Like crime suspects yanked from a police lineup and held for additional questioning, several human chromosomes now face intensified scrutiny for possibly harboring genes involved in Alzheimer's disease. New data from a genome-screening study suggest that portions of at least nine chromosomes may be implicated in the development of the disease.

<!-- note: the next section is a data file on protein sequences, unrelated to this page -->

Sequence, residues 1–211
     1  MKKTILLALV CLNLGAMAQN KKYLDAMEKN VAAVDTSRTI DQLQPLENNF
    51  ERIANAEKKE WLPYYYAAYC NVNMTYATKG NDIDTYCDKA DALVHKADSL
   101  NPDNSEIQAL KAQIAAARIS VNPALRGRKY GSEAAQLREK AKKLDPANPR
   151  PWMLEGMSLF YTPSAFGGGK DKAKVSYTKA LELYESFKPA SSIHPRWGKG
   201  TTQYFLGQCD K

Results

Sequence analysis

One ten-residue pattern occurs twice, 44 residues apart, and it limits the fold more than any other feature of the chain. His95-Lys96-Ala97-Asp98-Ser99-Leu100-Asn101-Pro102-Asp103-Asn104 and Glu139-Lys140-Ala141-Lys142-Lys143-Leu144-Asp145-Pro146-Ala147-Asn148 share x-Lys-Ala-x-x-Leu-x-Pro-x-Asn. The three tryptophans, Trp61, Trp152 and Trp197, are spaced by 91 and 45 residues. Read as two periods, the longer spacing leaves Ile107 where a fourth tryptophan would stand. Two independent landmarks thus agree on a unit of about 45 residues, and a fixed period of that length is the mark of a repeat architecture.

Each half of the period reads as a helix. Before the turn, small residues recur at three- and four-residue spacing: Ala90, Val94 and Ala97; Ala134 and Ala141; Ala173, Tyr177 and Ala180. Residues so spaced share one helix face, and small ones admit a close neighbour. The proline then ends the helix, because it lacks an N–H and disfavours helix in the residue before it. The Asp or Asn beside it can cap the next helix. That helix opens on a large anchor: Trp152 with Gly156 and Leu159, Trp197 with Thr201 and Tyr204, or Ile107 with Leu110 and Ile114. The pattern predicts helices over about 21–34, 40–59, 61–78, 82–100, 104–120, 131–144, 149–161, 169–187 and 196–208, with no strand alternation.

Inherited traits account for a portion of any person's risk of Alzheimer's, says Rudolph E. Tanzi, a neurologist at Massachusetts General Hospital in Boston. About 10 percent of people age 65 or older have the incurable, progressive dementia. Several rare genes that invariably lead to the disease have been identified, but most of the genetic factors in Alzheimer's remain unknown, Tanzi and other researchers suspect.
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